4. Well, ePeggy updated today and now shows that my completion date went from January 28, 2013 to July 15, 2012. I guess since we are having fictional completion dates, I will also make up a fictional rating. Therefore, I rate myself 100% with no future appointments. I wonder if they will buy that? Btw, since eBenefits started displaying the estimated completion dates, this is now my third version. My first estimated completion was October 30, 2012, and I was disheartened a bit when it was bumped back to January, 2013. Now I'm just finding the whole process hilarious. Can I get rated for eBenefits Delerium....at least like 10 or 20%? At least they did give the disclaimer now, "Your claim is being processed by the Regional Office. We generally process claims in the order received. We recognize that your claim has exceeded the projected completion date and remain committed to completing our review as quickly and accurately as possible. Thank you for your patience." Anybody else have a third round of completion date changes yet? Mark
  5. Does anybody know if there is a minimum distance for travel reimbursement to and from a C&P examination? Maybe like a 50 mile radius or something? Just wondering. Y'all have a great weekend. Mark
  6. Has anybody out there had any dealings with a company called Veterans Evaluation Services? Apparently, the VA has contracted with them to perform C&P examinations and testing on veterans. I see from their website that they are apparently headquartered near Houston. I was called yesterday (Saturday) by a representative of this company (called me from a Tennessee telephone number) who advised me to call an 877 number on Monday to schedule my C&P examination. He did not know what conditions I was being examined for. (I have several, but tons of medical documentation on a few). He was polite, and told me that he simply didn't know, but that I would learn more on Monday when I called the number. He further advised that his company was also contracting with "local" doctors to administer the examinations, and that I might not even have to drive to Houston. I'm still not sure what he means by local. I'm 2 hours from the VAMC in Houston. Any information about this company and its services would be appreciated. And better still, any veterans that used them during their C&P process have good/bad experiences? Any advice would help me. I'll try to post more tomorrow after I make the call to them to schedule. Have a great week. Mark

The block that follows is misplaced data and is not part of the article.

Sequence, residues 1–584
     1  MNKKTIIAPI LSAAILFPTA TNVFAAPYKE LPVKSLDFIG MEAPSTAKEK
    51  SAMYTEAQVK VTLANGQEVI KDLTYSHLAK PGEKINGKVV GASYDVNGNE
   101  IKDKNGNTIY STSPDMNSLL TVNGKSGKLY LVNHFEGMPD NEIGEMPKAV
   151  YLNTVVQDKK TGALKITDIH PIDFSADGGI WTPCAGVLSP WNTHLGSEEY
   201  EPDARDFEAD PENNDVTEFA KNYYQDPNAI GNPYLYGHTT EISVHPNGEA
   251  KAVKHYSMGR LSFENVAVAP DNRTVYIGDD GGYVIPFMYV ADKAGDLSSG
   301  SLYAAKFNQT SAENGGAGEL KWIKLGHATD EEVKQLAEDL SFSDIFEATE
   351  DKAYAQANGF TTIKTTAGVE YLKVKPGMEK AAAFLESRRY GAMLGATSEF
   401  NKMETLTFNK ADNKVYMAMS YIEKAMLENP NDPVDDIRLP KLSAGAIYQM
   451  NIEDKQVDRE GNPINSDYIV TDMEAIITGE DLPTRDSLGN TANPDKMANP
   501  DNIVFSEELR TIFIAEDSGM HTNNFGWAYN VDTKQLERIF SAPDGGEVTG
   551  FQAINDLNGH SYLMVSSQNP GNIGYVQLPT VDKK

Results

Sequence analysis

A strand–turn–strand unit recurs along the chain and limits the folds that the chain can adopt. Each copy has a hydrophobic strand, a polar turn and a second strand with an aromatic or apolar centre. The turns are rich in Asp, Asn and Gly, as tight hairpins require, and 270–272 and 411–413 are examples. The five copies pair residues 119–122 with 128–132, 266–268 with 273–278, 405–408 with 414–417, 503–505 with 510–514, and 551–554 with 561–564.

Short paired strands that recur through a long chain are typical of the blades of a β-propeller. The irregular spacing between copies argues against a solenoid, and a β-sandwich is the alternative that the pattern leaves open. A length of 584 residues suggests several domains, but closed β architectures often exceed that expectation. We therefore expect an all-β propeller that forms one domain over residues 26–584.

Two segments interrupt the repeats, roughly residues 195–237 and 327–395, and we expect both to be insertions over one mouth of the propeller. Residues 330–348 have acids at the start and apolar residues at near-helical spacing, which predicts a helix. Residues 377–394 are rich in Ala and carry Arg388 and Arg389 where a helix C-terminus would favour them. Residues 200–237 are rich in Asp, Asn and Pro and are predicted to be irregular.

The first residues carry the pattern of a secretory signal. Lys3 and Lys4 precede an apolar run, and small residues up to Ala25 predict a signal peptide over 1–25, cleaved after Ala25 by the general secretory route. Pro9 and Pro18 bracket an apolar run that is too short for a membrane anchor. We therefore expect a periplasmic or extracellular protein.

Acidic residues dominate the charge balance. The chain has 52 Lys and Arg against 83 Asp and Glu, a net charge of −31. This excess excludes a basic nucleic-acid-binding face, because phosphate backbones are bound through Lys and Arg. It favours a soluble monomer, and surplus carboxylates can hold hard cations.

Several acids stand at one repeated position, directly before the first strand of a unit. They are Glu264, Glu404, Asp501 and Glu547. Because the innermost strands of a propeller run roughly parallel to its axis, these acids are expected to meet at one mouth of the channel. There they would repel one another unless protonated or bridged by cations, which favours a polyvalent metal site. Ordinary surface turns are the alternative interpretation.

7. Hello everyone, I have an active hypertension claim and have a couple of odd questions regarding BP readings. Hypertension is listed as an active problem in my VAMC medical record and I also take daily medication to help control it. The rating criteria for hypertension is listed further below. My VAMC takes my blood pressure (BP) only taken at the first clinic I visit each day. If my BP reading is high (usually the case), then the nurse waits a bit, takes another reading, and notes the lower of the two. While reviewing my progress notes, I find that only one BP result is noted. Sometimes the notes indicate it was taken two or three times, but do not include the numbers. Per the rating criteria below, Note 1 indicates that "hypertension must be confirmed by readings taken two or more times on at least three different days". With the VA noting the results of only one reading this makes it difficult for a veteran to meet the specific requirements of note 1. Are the nurses supposed to record the values of each BP reading or only the best one? I usually take my own BP a couple of times a day and log the readings. Would it be helpful to submit a copy of my BP log or would they only consider readings taken at the VAMC or other medical provider? How does medication used to control high BP factor into a claim? 7101 Hypertensive vascular disease (hypertension and isolated systolic hypertension): Diastolic pressure predominantly 130 or more----- 60 % Diastolic pressure predominantly 120 or more----- 40 % Diastolic pressure predominantly 110 or more, or; systolic pressure predominantly 200 or more----- 20% Diastolic pressure predominantly 100 or more, or; systolic pressure predominantly 160 or more, or; minimum evaluation for an individual with a history of diastolic pressure predominantly 100 or more who requires continuous medication for control---- 10% Note (1): Hypertension or isolated systolic hypertension must be confirmed by readings taken two or more times on at least three different days. For purposes of this section, the term hypertension means that the diastolic blood pressure is predominantly 90mm. or greater, and isolated systolic hypertension means that the systolic blood pressure is predominantly 160mm. or greater with a diastolic blood pressure of less than 90mm. Note (2): Evaluate hypertension due to aortic insufficiency or hyperthyroidism, which is usually the isolated systolic type, as part of the condition causing it rather than by a separate evaluation. Note (3): Evaluate hypertension separately from hypertensive heart disease and other types of heart disease. For comparison purposes, I included this chart from the Mayo Clinic's web site. http://www.mayoclinic.com/health/blood-pressure/HI00043 op number (systolic) in mm Hg Bottom number (diastolic) in mm Hg Your category* What to do** Below 120 and Below 80 Normal blood pressure Maintain or adopt a healthy lifestyle. 120-139 or 80-89 Prehypertension Maintain or adopt a healthy lifestyle. 140-159 or 90-99 Stage 1 hypertension Maintain or adopt a healthy lifestyle. If blood pressure goal isn't reached in about six months, talk to your doctor about taking one or more medications. 160 or more or 100 or more Stage 2 hypertension Maintain or adopt a healthy lifestyle. Talk to your doctor about taking more than one medication.